Anyone who’s been to The Big House has seen the gatherings outside the locker rooms, happy fans greeting their teams on one side of the arena, sad fans doing the same on the other.
“It’s the most emotional roller coaster,” said Bill Allen, vice president of OKC Fairgrounds. “I mean, people are just crying.”
Senior Vice President of Marketing and Sales Scott Munz said, “It’s worse than ‘The Bachelor.’”
But both men love the strong emotions that have become part of the tradition at The Big House. They want such traditions to carry on. They want kids all over Oklahoma to continue to dream about making it to The Big House. They want high school basketball fans to still see winter weekends at the fairgrounds as hallowed.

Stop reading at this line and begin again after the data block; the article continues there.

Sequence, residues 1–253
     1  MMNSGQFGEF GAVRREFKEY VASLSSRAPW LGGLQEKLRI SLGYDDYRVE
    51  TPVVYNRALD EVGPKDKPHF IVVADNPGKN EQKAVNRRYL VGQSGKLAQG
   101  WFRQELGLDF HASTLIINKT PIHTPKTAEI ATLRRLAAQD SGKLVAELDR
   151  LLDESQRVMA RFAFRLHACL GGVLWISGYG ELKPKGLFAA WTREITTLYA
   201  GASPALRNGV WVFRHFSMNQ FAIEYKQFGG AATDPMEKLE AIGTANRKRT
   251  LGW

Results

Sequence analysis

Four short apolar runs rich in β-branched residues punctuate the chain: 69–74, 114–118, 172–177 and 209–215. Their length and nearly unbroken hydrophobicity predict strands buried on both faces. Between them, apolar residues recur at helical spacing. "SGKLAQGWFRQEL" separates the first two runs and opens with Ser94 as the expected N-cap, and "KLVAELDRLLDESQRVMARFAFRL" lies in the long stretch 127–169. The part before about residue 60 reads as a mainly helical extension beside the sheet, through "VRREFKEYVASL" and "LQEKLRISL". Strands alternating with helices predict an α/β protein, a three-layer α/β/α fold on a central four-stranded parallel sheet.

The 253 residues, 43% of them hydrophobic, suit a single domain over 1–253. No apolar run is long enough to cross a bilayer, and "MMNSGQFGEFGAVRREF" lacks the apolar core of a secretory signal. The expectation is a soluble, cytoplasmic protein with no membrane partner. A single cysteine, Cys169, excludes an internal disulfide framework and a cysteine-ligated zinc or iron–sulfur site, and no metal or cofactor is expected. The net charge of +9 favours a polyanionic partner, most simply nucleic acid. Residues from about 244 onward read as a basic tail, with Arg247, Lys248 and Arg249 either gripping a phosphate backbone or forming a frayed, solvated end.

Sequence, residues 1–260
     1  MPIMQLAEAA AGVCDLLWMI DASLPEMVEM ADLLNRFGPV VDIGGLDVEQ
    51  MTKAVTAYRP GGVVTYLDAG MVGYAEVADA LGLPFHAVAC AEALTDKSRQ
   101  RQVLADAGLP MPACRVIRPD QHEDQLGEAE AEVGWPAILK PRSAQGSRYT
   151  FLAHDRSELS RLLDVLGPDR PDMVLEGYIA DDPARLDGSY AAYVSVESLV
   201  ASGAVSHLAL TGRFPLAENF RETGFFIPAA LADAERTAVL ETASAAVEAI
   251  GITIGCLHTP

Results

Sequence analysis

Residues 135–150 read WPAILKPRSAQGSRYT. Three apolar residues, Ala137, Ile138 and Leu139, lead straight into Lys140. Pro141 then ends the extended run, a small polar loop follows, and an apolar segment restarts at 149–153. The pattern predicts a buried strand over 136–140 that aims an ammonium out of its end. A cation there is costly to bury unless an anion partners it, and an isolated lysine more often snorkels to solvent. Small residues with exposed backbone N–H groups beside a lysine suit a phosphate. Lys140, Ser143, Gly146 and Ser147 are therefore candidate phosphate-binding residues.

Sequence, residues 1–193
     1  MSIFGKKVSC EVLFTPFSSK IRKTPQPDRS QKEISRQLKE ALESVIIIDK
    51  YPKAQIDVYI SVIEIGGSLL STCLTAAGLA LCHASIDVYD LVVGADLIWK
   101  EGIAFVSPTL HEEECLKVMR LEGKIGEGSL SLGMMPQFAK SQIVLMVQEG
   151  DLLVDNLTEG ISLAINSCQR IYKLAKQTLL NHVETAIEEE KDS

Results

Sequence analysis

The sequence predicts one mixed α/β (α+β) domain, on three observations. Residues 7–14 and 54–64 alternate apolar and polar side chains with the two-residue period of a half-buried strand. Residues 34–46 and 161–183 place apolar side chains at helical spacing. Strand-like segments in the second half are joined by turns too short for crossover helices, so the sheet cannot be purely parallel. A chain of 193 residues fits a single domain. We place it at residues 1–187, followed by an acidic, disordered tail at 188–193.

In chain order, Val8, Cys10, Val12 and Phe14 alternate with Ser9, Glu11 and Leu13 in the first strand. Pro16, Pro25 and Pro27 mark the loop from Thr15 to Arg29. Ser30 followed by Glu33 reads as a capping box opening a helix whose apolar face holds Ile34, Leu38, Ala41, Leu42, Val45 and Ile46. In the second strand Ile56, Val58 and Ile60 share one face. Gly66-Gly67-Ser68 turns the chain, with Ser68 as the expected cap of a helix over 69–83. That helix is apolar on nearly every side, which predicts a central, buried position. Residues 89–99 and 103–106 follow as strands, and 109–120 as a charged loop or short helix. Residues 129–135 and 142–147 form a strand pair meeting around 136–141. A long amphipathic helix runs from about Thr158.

Oklahoma City Mayor David Holt believes all of that will happen. Because the new arena will be similarly sized to the current one, he suspects the state high school basketball tournaments will feel right at home.
“I think everything will transfer over,” he said of the traditions.
He knows some folks are sad to even think about not playing in the current arena. But he is convinced their attachment to The Big House isn’t about the building itself.
“There are venues in America that people think very fondly of in terms of sports, but they usually have — this is me speaking more as a sports fan — certain characteristics that are memorable,” Holt said, mentioning the iconic concave ceiling at Madison Square Garden.
The Big House doesn’t have outstanding architectural features.